Employment conditions and well being

Employers of migrant domestic workers are required to provide suitable accommodation and meals free of charge and are also responsible for the worker’s medical expenses in the event of illness or injury. Furthermore, special protection is afforded to Muslim workers in terms of their rights to religious practices, which remain paramount and as such that they cannot be directed to undertake activities contrary to Islam or that would interfere with religious observances.

Some of the unique features of paid domestic labour include the private nature of the workplace, the close proximity of one’s employer and the lack of separation of work and leisure [27, 55, 56]. Previous studies suggest that living with one’s employer is the least desired option for migrant domestic workers who are employed in countries where live-out migrant domestic workers may be legally employed [56]. In this study, informants reported that they often shared rooms with their primary care recipients, generally children; however, the majority asserted that they had sufficient privacy. Rina, a widowed Indonesian and mother of four shared how lack of privacy to have her own room interrupted with religious obligations.

The children are naughty, really. The little one sleeps with me, too. That has been my set-back. I wish...wish I told my employer so that I can carry out the prayers of five times. For that I haven’t been given the time.. .. What else when there’s so many children, can we concentrate if we want to pray? … If I cannot, yeah, already cannot, I’m sure to go to hell.

Most of our informants declared they had positive relationships with care recipients. While a small minority preferred more formal relations with their employers, most migrant domestic workers favoured warm relations and indeed many felt they were treated like a member of the family. Communication was seen as key to developing and maintaining good rapport with employers; however, the incipient power relations that underpin the social hierarchies that are replicated in the household are evident regardless of the quality of employer-domestic worker relationships. Rina, whose religious observances have been disrupted by her young charges, feared discussing the situation with her employer as she was unsure whether her employer would sympathize with her predicament and would be willing to take action to remedy it. Lhet, a Filipino domestic worker who has resided in Malaysia for more than a decade said of her employer who likes to treat her as a friend: “She wants you to smile even if you are tired, angry. You must smile.”

The social hierarchy is further evidenced by responses to our queries regarding social interactions with other household members. For instance, 46% of our informants shared meals and leisure activities with their employers—although a small number would have preferred not to do so. Thirteen percent would like to engage in these activities with their employers, but do not while 39% did not share meals and had no expectations to do so themselves.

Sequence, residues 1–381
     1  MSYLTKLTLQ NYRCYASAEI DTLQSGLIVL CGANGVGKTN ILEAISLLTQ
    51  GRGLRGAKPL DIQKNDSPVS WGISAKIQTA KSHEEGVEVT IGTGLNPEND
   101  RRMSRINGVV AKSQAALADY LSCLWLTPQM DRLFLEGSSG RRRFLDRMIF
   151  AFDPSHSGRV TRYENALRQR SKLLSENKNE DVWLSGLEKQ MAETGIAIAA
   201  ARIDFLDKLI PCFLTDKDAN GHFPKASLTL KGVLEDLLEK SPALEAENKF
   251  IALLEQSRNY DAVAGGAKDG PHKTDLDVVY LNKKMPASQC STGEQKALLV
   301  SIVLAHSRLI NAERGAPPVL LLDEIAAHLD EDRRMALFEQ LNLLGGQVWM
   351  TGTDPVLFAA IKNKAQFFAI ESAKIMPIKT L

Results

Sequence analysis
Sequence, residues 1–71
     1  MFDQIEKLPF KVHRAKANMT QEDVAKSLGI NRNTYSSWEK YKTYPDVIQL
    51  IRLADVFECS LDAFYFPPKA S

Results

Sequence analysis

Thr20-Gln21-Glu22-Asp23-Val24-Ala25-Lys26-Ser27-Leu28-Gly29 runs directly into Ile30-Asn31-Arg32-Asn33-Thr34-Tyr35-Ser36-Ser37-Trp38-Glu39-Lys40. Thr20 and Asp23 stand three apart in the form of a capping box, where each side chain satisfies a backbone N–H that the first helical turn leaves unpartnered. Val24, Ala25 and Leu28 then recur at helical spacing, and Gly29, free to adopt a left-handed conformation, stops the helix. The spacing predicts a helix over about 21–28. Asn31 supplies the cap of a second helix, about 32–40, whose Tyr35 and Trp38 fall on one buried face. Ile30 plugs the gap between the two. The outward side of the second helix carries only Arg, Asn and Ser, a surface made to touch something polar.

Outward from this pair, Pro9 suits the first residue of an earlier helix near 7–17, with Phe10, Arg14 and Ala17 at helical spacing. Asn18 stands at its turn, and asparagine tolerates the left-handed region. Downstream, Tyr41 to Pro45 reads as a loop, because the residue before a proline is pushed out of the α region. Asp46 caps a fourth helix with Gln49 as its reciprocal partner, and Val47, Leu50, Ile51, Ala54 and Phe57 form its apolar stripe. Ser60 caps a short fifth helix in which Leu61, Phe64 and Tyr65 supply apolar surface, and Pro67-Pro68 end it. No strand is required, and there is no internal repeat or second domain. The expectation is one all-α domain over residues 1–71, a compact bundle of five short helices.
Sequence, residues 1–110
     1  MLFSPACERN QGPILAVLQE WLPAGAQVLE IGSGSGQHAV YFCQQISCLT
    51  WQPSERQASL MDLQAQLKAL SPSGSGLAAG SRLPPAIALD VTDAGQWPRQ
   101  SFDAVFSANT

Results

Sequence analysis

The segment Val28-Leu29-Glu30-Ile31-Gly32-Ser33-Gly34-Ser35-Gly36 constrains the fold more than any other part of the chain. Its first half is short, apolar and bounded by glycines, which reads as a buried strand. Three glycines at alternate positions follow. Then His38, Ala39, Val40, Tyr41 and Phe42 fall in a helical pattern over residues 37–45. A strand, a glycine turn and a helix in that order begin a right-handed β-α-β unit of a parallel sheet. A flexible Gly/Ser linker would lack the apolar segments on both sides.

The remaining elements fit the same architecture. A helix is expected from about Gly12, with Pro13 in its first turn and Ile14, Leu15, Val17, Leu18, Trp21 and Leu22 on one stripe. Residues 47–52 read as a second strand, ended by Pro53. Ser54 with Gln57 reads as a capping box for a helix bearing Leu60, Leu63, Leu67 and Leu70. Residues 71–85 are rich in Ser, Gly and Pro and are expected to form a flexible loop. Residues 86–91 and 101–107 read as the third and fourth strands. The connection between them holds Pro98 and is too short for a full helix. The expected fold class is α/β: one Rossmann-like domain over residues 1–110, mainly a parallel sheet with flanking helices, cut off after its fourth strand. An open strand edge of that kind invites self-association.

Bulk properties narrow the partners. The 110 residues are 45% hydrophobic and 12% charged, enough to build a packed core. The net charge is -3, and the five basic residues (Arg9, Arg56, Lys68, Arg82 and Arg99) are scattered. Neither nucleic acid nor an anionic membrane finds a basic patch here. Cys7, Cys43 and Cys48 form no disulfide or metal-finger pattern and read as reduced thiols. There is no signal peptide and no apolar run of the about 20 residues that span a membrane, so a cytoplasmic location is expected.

Sixty-one percent of our respondents stated that they are constrained in their use of space when their employers were home, although some reported receiving warnings against using certain space or items such as the telephone when the employer was not home. The close proximity to their employers however means that they either feel under surveillance or place themselves under further self-surveillance. Linda, a Christian Indonesian mother of seven said:

When the employer is here, I too don’t watch TV. If the children were watching cartoons, yeah, I go along. I’m afraid, if…didn’t say, but what if [the employer thinks], ‘Oh like that’s what she does at home. Watching TV all the time ya right?’ Aa…because the employer doesn’t look for the good of the maid, but always the faults. I have observed my employer, always regarding my work, the part she takes note of are my faults.

The power of observation also appeared to be key to maintaining their jobs as respondents described watching employers closely to ensure they were following instructions and anticipating their needs. Informants were generally assigned similar duties including housecleaning, laundry, childcare and/or eldercare, cooking, cleaning cars and gardening. Interestingly, pet care has also become increasingly common, and informants cared for a host of animals—fish, tortoises, rabbits, and hamsters as well as cats and dogs. The days’ activities are generally structured around the comings and goings of household members. Rosanda, a young, single Filipino woman, describes a typical day:

I get up in the morning about 5:30, then I take all the clothes to put in the washing machine, then cooking for my Mem’s lunch to bring to the office, then… after that I am going outside cleaning the car, then mopping the floor there, and then after I’m making breakfast for my boss then after making breakfast, I am going out again and wash the other car outside. Then after doing work in the outside, I’m having a breakfast, then washing the hand wash clothes then after that start cleaning already. Then after 11:00, I cook for lunch for the kid, then… after that [I] continue cleaning, then after cleaning ironing, then after ironing preparing for dinner and then until nine. Because my Mem also she came back late. . So, since 10:00 then I can go (sic.) inside my room.